Arrowhead Library System Mini Grant Round-Up Part 2

Here’s a round-up of Arrowhead Library System Mini Grants that have been completed at Coleraine Public Library, Keewatin Elementary, Cook Public Library, Duluth Public Library, and Floodwood School:

Project: Computer Replacement

Feedback from Liv Mostad-Jensen, Coleraine Public Library Director

We had several computers that were out of order and could not be repaired, so we decided it was time to replace them. We were able to purchase 5 computers from PCs for people for $650. This cost was completely covered by the $250 ALS Mini Grant and our summer Pie Social fundraiser.  Our computer usage has been increasing since receiving the new computers. In August 2018, our computer usage was up 6.3% over the previous year. In September, it was up 10%. In October, it jumped up 25% over last year’s numbers. In particular, the new computers are getting a lot of use after school. We are drawing in the kids that are a bit too independent and old for Boys and Girls Club, but want somewhere to go and something to do after school.

Project: Wolf Pup 101 Video-conferencing Program

Feedback from Julie Stolp, Nashwauk-Keewatin School Librarian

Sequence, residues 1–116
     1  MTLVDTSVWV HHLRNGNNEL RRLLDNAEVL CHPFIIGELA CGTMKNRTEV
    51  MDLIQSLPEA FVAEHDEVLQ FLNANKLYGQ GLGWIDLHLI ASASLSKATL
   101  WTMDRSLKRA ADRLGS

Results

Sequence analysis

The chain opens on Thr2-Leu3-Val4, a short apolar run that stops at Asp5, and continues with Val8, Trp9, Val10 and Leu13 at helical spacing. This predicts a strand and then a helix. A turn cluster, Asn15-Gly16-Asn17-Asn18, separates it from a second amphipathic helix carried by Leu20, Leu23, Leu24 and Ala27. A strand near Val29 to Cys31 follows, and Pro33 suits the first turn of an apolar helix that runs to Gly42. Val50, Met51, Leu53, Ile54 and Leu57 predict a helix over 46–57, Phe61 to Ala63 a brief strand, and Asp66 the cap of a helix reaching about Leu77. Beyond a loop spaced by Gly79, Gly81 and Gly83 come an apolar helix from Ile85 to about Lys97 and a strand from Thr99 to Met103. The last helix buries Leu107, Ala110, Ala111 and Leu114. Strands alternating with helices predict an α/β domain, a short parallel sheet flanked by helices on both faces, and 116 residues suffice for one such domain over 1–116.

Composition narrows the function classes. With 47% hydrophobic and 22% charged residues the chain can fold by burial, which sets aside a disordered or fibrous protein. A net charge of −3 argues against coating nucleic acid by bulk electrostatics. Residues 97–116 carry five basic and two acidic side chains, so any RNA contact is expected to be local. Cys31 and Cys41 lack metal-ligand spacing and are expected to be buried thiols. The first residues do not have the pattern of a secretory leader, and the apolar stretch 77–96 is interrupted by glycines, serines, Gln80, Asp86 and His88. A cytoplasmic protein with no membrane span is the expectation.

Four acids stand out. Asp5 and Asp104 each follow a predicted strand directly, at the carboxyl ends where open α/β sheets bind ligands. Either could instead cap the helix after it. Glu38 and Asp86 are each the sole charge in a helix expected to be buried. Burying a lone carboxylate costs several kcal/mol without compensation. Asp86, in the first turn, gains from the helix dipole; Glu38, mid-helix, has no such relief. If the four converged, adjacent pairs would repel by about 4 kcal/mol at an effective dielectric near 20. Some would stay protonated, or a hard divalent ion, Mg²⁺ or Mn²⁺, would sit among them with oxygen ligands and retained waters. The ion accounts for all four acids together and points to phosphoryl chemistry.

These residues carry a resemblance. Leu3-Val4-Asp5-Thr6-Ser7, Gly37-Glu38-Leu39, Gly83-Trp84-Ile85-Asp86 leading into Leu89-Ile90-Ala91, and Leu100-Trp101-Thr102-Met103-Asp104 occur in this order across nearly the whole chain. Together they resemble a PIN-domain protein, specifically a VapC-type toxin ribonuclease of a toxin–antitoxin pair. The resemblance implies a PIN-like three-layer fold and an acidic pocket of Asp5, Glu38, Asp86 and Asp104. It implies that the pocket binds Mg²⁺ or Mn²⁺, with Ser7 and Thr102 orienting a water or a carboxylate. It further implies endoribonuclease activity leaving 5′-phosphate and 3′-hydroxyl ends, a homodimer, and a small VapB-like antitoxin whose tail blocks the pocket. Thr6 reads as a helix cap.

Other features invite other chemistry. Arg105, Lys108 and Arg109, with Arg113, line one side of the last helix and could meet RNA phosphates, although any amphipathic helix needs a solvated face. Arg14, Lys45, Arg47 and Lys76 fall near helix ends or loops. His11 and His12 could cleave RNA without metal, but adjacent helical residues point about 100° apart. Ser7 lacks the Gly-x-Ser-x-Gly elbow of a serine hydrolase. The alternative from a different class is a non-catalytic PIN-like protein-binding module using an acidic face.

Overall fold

The International Wolf Center program was presented to our 3rd graders at our Keewatin Elementary school on 11/6/18.  It provided a wonderful look into the wolf program for our low income/rural area families.  It made it accessible to our young students by holding it at our Elementary School. I think this program was a wonderful hit with the children!! They asked many questions, which proved to me that they were very intrigued, and wanted to learn more about wolves at the center, and wolves in general. I measured the success of this by the way they interacted with the employee/staff on the live feed, they all wanted a turn at asking questions. They came up with many, very intelligent, and thought provoking questions. The children even offered their insight on their knowledge of wolves. They all got VERY excited when the wolves came out and walked around (live feed)!!! Wolves are a part of our area and I don’t think many of the children would have gotten to learn all that they did if we had not provided this program to them free of cost. 10 out of 10!